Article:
Al Kavadlo: For me in my own training, there really isn’t a typical week. I don’t have as much structure to my training as I did earlier on. As you get more advanced on some of these moves, you get to a point where it almost becomes a skill practice, more than it becomes strength training after a while. So I try to approach my training with that regard; less of these are the body parts I’m training today, and more of these are the moves I want to work on.
Al Kavadlo: So having said that, I might have one day where I’m mainly just training my hands and then I might have another day that’s mostly focused on pull ups and pull up related movements. And then I might do another day where I’m doing all my pistol squats and my leg exercises, and then maybe another day where I’m practicing back bridging and final twists and things like that. So I try to just kind of feel where my body’s at on any given day and go according to that.
COREY: Gotcha. And you mentioned some of the movements right now. If you had to break down like here are the five pillars of bodyweight training so that everybody knows they’re hitting on the basics? What are some of the pillars of your program?
Al Kavadlo: I think all strength training programs need to include the following movement patterns, whether you’re doing them in body weight, or whether you’re doing them in any other modality and those are just basic human movement patterns like squatting and pushing and pulling, and flexing and twisting. And what’s great about calisthenics is you can take something like a squat, and for a beginner, just doing a good two legged bodyweight squat with a full range of motion can be a challenge, but soon that will no longer be a challenge and then you progress eventually to the one legged squats and beyond.
Same thing with the pushups; you take a beginner; you’re starting with the very beginning, maybe just doing a wall push up. And eventually a more advanced practitioner is doing one arm push up variation, but those same movement patterns, that squatting, that pushing, that pulling those are just fundamental patterns that no matter how strong you are in the continuum, you’ve got to do them in some way.
COREY: Right on. Very cool. So Al, I know you spent a lot of time out there in that park. You’ve traveled around; you’ve seen a lot of different things. Give us one story or one person that you saw him or you saw something that he did and it absolutely just like tweaks your mind you couldn’t believe it happened. Like guys that are just doing stuff that looks so ridiculously — they’re so ridiculously strong or coordinated or fast or what that it just blew your mind.
Al Kavadlo: I’ll tell you there’s one guy who I’ve become pretty good friends with over the years, we train at the Tompkins Square Park. He’s not the strongest guy in the world, but you would look at him and never think this guy could do what he does. This fellow is named Bob. And I actually included some pictures of him in my last book, “Stretching Your Boundaries”, because he’s just so amazing to watch.
He’s an elderly fellow, I think he’s about 65 years old. And he’s this nice, sweet, gentle old man who’s so the farthest thing from intimidating. And then you see this guy get on the bar, he’s [incomprehensible] down muscle ups, and back levers and human flags. And the first time I saw this guy, and I love seeing people see him for the first time because every time anyone is new at that park, they see Bob and they always do a double take like;What? This little old man just did a muscle up? What?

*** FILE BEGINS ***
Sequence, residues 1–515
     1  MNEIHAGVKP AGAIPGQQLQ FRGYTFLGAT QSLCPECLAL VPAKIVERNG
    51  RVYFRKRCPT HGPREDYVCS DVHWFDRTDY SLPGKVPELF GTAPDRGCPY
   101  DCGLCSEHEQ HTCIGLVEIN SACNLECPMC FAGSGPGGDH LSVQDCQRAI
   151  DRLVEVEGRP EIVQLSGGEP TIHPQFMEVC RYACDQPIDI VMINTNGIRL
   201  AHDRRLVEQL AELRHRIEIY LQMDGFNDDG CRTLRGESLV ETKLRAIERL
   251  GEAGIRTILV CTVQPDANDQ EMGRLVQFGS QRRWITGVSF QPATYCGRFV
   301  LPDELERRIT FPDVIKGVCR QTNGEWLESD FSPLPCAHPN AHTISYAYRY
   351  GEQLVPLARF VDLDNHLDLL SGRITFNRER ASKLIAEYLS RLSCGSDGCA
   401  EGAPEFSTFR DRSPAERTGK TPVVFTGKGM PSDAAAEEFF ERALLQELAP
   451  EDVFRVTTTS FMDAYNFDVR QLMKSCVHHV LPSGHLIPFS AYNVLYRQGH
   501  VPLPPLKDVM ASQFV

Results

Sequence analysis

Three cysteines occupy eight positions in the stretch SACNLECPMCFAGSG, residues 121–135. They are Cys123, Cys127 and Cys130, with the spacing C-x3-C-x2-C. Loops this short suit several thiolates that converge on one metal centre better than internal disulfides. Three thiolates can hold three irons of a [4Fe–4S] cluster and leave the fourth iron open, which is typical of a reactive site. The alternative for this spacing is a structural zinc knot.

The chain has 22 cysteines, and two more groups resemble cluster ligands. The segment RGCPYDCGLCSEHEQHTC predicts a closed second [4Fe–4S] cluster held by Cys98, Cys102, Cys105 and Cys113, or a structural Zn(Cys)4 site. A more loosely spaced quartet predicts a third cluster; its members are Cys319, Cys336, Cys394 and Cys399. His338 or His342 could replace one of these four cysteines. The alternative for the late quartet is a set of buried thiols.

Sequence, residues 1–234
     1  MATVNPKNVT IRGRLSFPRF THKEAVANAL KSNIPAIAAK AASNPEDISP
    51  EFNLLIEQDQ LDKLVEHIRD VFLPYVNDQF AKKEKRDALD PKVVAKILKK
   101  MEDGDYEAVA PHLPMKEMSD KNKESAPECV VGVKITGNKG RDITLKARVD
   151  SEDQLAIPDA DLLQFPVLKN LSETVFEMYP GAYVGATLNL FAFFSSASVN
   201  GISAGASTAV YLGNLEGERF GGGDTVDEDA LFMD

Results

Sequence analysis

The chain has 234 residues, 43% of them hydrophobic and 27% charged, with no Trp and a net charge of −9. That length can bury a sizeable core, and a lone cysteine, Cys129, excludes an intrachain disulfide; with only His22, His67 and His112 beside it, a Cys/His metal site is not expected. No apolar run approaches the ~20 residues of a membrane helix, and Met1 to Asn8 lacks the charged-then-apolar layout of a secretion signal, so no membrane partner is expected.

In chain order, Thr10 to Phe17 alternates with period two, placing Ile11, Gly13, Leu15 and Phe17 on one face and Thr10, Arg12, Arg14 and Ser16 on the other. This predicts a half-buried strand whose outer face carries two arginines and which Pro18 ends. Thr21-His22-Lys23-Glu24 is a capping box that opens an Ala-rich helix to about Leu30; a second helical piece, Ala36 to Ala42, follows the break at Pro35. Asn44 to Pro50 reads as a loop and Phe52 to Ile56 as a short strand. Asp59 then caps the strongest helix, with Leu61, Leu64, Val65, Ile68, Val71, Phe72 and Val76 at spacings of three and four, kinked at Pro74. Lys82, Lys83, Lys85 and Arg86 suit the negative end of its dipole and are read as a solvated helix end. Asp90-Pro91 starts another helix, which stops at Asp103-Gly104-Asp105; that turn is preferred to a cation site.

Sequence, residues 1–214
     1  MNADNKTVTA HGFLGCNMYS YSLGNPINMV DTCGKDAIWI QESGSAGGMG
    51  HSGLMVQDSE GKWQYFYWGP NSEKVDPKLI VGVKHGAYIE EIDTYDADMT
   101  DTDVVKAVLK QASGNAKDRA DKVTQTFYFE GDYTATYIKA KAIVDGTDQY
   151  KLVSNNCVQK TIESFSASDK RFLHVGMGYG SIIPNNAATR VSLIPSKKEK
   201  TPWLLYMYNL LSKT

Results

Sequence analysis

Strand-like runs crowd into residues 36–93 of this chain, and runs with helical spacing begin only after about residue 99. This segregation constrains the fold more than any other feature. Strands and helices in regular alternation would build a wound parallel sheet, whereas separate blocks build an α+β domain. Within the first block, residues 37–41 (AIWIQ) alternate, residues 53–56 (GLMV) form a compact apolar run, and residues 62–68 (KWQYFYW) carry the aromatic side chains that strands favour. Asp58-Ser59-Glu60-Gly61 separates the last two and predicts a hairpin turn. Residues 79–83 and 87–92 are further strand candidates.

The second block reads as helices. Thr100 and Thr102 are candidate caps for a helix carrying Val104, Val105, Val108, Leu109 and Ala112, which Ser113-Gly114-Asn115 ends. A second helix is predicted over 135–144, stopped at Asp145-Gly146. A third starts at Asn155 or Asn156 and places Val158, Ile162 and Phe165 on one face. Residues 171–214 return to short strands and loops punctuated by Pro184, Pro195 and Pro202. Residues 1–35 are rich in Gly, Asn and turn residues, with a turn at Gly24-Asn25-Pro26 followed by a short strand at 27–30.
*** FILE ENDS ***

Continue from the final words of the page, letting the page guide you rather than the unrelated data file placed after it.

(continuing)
So Bob is a huge inspiration to me. And I was really grateful to him that he allowed me to take some photos of him for my last book, I got this great shot at him just holding a back lever. And it’s just such an amazing feat to see a man of his age. And not just that he’s aged, but just he’s a fairly small, modest looking dude, but he’s just so incredibly strong.
COREY: That’s cool. Well, I think that’s good to hear too, because maybe guys don’t fight MMA much pass their 40s but I know there’s a truckload of guys that role jiu-jitsu and do a lot of other stuff well into their 50s and 60s and even 70s. And I think it’s important for some of the guys listening I’m sure that maybe they don’t want to do certain workouts because they’re like, look, dude, I just don’t want to get hurt. Or maybe as they’re aging and stuff, we all gather a myriad of injuries along the way so maybe there are certain things that they just shouldn’t do.
So it’s cool to hear that if there are progressive ways and there are things that they can do to still get strong and condition themselves well but without the risk of getting hurt. It’s cool to see guys I’m sure well into their 60s still doing this stuff.
Al Kavadlo: I love it and I get inspired by it. I’ll tell you Corey, one of the things I always tell people is that, the only limitations that we have are the ones we impose on ourselves. I get so many people who email me or ask me, hey, I want to start training but I think I’m too old or I think I’m too fat or I have this injury or whatever myriad of excuses people come up with to convince themselves that they shouldn’t begin an exercise program. And when you see a guy who’s in his 60s doing these high level moves, it completely destroys that whole oh, I’m too old to do this sort of talk. And that’s what’s so inspiring about it.
COREY: Well, cool man. Well Al, if guys that are listening, they want to learn more about calisthenics and what you’re doing, what’s the best way for them to get in touch with you?
Al Kavadlo: They can just go to my website, it’s just my name, alkavadlo.com, A-L-K-A-V-A-D-L-O, or they could just Google me, and there’s plenty of information out there.
COREY: Cool. Well guys, I’ll put some of Al’s links below this podcast so you guys have those resources available. And once again Al, thanks so much for your time dude, that was ton of killer information and I’m sure everybody appreciates it a ton. Thanks so much.
Al Kavadlo: Thanks Corey, my pleasure.